Post-Gazette style editor Sara Bauknecht with SEEN editor Natalie Bencivenga at the 2014 Pittsburgh Parks Conservancy hat luncheon at Highland Park.
Jessica Sacks, owner of Asbury Fine Hats in Squirrel Hill, adjusts a hat on its display rack. "I love hats. There was a need for [a hat store] in the community," Ms. Sacks said.
The task: Find two unique, fashion-forward hats for the Pittsburgh Parks Conservancy’s 16th annual hat luncheon at Highland Park. The challenge: Do it within a few weeks and on a budget of $150.
Post-Gazette SEEN editor Natalie Bencivenga and style editor Sara Bauknecht share their different approaches to hunting down a hat that fit their fancy and tips for hat shopping:
Natalie Bencivenga: Going custom
Having a custom hat made is a truly special experience. Local milliner Gina Mazzotta worked with me to create a modern twist on a classic favorite: the fascinator.
At the first meeting, Ms. Mazzotta came to my apartment (yes, that’s right, she does hat house calls!) to discuss the style and fabric options. She brought samples of ready-to-wear hats, fabrics and ideas for what we could do. I wanted to wear something more sculptural and modern — an idea that she ran with — and I showed her possible dresses I wanted to pair with it.
Ms. Mazzotta’s style is tres chic, and we narrowed down the choices to one we thought would fit best with the modern style of the fascinator.
She had only about a week to whip up this custom creation with limited materials at her disposal because of the tight deadline. She texted me throughout the process, showing me what she was working on and how the hat was coming together. She managed to complete my hat with a couple of days to spare.
She personally delivered it in a white box complete with a bow. As I unwrapped it, I couldn’t help but think how unique this experience is in today’s fast-paced world. To have something handcrafted, a one-of-a-kind piece (especially for a fashion lover like myself), is a momentous occasion and worth celebrating.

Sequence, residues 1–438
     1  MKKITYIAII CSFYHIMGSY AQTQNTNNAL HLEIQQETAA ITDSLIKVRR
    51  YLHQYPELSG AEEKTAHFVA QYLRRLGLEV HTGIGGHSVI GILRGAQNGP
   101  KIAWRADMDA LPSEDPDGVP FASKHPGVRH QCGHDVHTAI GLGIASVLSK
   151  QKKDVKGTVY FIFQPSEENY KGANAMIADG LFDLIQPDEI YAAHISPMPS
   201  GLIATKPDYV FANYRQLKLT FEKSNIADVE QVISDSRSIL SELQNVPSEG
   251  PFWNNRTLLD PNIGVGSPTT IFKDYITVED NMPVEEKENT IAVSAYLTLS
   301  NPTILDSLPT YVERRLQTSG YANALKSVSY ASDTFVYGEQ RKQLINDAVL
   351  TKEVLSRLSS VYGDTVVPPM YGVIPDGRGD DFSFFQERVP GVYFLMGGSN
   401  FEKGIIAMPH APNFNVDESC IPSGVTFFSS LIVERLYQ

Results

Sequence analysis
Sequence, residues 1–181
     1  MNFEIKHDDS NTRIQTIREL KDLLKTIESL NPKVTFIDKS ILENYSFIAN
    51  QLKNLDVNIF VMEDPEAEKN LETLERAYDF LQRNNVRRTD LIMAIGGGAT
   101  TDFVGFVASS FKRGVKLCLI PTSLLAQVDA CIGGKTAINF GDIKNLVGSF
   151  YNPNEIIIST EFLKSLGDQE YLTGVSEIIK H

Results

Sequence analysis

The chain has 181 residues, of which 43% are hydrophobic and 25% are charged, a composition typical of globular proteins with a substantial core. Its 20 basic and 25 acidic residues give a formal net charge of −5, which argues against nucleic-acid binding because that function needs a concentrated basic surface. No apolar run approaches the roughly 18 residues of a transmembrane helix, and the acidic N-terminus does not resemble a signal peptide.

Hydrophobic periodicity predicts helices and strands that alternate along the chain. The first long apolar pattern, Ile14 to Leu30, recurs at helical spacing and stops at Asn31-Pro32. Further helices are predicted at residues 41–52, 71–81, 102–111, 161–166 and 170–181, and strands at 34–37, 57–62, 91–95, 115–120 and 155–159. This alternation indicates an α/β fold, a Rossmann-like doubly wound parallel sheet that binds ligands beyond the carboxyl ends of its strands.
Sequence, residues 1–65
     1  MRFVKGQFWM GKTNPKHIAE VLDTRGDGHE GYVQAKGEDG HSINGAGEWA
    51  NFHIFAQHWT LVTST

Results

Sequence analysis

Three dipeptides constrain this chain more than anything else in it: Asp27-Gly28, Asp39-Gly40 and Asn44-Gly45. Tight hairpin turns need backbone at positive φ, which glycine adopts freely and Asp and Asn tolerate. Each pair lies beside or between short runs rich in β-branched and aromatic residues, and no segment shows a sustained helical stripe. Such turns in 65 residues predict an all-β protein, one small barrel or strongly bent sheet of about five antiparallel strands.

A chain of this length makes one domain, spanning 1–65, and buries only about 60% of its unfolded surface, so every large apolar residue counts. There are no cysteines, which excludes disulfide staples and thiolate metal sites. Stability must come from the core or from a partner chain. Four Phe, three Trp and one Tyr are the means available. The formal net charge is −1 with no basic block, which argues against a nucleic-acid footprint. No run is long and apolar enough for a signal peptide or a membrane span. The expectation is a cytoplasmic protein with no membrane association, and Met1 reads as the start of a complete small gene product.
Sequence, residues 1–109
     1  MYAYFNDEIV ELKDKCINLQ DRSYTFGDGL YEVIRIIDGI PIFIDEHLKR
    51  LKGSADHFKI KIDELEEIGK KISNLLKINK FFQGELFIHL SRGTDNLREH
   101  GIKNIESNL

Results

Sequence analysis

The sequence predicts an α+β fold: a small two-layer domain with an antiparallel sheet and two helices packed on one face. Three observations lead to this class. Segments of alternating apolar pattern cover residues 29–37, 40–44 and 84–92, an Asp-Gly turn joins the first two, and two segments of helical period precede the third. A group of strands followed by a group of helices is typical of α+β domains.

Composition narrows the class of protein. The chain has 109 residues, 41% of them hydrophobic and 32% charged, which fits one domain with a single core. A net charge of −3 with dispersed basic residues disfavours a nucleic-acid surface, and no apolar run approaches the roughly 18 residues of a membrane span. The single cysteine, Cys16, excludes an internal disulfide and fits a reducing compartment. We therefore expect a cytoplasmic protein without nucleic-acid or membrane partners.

Sara Bauknecht: Boutique browsing around the ’Burgh
I’m not much of a hat person. Even when it’s cold outside I resist. But I was excited to step outside of my style comfort zone.
I didn’t know what I was looking for — or even where to look for it — but like all good fashion finds I was stopped in my tracks when I spotted it.
A colorful display of derby-style hats and fascinators by the brand Scala caught my eye in the window of Serendipity boutique in Market Square. At first I was attracted to a couple of whimsical fascinators but quickly learned that what you love on the shelf might not make your heart leap when it’s on your head — and vice versa. Owners Kim and Pete Coppola encouraged me to take as long as I needed to try on as many as I wanted and helped with feedback. The hat I selected wasn’t a favorite until I tried it on — then it was “the one.” The handmade topper is bright pink, one of my favorite colors, trimmed with black. It’s dressed up with a bow and tinged with subtle feathers. And the best part: It was well below $100.
This is the third spring Serendipity has stocked specialty hats. Several boutiques across Pittsburgh also carry upscale styles during derby and hat luncheon season. One that specializes exclusively in hats and head scarves is Asbury Fine Hats in Squirrel Hill. Jessica Sacks opened the storefront about two years ago and offers casual hats (usually $35-$50) and fancier ones ($90-$280). The shop is open by appointment and welcomes shoppers to browse at their leisure or even bring some clothes with them to try on in the dressing room so they can see the complete look with the hat. Ms. Sacks also helps women who’ve lost their hair to chemotherapy find comfortable, attractive head scarves and caps.
And then there’s always vintage. If I hadn’t found something in a boutique, I planned to try my luck at Hey Betty! or Eons in Shadyside.
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